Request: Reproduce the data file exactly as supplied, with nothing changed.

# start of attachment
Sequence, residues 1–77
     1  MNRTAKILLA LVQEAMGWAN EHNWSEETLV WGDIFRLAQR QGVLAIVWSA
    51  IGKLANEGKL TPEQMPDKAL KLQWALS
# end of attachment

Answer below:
Sequence, residues 1–77
     1  MNRTAKILLA LVQEAMGWAN EHNWSEETLV WGDIFRLAQR QGVLAIVWSA
    51  IGKLANEGKL TPEQMPDKAL KLQWALS